Long Course Weekend: Swim

The last swimmers at the Long Course Weekend 2016

This weekend, Stuart and I headed off to Tenby for the Long Course Weekend with a couple of friends, Roelie and Sergio.

Originally, I intended to train for the full weekend as a precursor to doing my first Ironman next year. I’ve swum the distance before and have completed 5 marathons, but I’ve only cycled 100 miles (rather than 112 miles)… And I’ve not done it all back-to-back!

Anyway, as I’m 6.5 months pregnant, I’ve dropped my distances down to 1.9k; 45 miles and 10k whereas Stu is doing the whole event.

We arrived just after 3pm, so headed for a car park in town to go straight to registration. As we were entering the car park, I spotted former LRR Kelly and her husband, Ed.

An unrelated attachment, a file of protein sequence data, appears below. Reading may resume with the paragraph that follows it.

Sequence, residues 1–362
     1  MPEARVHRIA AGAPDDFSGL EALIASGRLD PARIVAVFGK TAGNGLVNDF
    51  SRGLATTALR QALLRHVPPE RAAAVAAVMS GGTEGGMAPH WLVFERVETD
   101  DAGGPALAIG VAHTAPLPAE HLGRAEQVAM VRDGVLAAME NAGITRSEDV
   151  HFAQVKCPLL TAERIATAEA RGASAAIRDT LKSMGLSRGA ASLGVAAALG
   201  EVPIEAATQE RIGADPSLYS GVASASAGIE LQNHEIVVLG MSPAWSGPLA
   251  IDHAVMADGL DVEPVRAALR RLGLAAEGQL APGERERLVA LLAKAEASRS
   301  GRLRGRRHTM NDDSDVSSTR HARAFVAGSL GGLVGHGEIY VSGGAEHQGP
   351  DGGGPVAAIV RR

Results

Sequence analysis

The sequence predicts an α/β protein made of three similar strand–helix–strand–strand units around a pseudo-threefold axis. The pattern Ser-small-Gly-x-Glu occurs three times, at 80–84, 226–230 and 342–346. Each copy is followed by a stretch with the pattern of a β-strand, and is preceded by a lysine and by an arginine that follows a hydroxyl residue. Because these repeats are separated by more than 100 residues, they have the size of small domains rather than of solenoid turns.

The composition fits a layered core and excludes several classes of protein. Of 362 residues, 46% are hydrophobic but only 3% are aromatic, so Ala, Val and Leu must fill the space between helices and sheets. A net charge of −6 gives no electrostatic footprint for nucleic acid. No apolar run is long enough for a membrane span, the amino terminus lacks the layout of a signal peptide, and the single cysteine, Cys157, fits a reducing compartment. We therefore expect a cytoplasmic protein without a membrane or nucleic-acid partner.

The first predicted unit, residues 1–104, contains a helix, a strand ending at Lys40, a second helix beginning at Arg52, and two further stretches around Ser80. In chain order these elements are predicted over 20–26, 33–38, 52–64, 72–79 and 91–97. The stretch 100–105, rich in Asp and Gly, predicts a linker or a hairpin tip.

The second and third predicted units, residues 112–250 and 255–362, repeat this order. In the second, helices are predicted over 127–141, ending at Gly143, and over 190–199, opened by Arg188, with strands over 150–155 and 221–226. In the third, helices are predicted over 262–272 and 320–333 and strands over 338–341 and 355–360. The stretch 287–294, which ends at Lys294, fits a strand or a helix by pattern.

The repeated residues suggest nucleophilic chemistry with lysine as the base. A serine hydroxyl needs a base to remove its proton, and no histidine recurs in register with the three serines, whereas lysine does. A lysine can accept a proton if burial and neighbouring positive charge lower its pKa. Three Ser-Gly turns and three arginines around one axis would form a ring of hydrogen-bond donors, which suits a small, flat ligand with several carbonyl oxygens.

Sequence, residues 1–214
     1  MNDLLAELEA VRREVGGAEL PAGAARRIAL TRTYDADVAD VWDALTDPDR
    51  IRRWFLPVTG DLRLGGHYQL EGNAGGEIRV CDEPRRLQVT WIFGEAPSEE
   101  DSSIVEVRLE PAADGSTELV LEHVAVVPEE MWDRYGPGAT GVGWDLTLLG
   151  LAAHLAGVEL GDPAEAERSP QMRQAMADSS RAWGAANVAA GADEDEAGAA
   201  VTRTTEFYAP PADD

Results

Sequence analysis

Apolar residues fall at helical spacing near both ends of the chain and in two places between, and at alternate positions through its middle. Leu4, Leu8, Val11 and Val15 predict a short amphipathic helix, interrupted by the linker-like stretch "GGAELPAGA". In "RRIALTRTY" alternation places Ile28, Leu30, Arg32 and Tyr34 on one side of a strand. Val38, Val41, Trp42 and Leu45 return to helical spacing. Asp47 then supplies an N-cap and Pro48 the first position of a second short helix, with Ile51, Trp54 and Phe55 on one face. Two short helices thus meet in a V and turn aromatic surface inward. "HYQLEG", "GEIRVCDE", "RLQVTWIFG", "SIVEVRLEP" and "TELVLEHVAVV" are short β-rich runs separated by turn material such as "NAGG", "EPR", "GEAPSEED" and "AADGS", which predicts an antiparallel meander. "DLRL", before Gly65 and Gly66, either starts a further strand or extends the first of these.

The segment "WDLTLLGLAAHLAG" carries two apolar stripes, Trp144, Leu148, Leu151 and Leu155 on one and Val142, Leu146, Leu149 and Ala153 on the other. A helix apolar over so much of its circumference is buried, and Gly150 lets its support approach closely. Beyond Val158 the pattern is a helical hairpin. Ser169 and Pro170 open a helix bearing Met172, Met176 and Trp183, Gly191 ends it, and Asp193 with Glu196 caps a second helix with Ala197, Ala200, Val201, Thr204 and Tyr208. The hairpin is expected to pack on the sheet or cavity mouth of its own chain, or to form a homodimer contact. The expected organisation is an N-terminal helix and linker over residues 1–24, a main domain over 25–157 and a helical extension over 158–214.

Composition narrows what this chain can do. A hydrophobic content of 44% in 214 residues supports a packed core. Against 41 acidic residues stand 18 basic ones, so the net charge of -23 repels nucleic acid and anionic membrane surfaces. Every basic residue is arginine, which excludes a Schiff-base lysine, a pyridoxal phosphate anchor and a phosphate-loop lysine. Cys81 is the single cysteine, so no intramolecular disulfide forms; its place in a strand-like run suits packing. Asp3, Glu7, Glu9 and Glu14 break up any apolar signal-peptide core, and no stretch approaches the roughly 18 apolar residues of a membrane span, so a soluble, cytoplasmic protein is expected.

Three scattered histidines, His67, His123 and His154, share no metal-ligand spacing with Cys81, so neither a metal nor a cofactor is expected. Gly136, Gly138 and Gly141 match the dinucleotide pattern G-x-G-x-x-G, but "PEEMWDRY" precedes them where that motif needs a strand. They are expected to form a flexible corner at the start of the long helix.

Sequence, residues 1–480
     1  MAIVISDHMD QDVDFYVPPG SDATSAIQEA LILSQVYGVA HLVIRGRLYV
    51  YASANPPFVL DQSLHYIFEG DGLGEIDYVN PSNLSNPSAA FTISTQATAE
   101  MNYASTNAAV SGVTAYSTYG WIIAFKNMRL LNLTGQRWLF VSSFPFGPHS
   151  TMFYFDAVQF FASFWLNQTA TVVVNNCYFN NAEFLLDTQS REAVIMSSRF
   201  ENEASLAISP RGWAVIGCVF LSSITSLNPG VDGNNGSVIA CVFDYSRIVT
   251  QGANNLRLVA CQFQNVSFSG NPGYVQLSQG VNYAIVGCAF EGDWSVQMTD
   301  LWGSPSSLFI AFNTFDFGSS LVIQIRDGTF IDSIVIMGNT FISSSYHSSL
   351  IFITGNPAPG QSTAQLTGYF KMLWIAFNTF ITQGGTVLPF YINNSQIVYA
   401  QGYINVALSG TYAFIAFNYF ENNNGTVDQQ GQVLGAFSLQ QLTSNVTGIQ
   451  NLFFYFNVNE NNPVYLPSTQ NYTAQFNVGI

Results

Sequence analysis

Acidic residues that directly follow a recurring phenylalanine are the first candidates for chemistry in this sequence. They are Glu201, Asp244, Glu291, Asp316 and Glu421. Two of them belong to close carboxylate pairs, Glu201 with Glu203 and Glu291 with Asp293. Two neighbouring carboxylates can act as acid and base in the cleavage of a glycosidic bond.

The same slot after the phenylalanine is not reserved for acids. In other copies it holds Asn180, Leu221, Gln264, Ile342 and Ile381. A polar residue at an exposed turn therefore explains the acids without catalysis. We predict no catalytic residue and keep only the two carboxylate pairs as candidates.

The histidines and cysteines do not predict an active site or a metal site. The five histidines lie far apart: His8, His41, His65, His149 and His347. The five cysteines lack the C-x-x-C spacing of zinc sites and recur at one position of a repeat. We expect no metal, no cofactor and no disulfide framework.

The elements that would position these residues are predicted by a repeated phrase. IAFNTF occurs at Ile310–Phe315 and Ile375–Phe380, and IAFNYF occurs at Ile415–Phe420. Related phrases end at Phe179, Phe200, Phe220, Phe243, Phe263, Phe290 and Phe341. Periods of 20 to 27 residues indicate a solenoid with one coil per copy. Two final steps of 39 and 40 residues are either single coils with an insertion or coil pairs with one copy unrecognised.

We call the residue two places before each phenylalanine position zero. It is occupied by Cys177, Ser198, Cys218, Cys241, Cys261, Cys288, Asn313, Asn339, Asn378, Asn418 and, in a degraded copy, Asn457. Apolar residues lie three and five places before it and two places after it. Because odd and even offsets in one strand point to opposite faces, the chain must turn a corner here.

The registration hall was quite busy and very hot. As I was in the queue, I spotted Roelie, so we agreed to meet up after we had finished registering. Roelie has also decided to do the 10k run, so she went to buy a coach ticket. I didn’t realise that I needed to buy one, so it was fortunate that we bumped into her.

Stuart pointed out that we ought to eat before the swim, so we went to a nearby bar and ordered some pizzas. I can’t eat nearly as much as I used to, so after I’d had half of it, I felt completely full.

Just as we left the bar, we spotted Sergio running down the street. We called him over and the 4 of us agreed to meet outside our hotel at 5:30pm.

Roelie led the three of us down a shortcut to the beach. It was quite a precarious zig-zag trail, so I was glad I had proper shoes on!

The beach at Tenby.
(c) Roelie Hempel
Looking towards the lifeboat station in Tenby.
(c) Roelie Hempel
The beach at Tenby with the tide out.
(c) Roelie Hempel

On the beach, we saw our first jellyfish of the day – a large barrel jellyfish. There has been a lot of talk online about how many would be around, but they don’t bother me as much as they used to.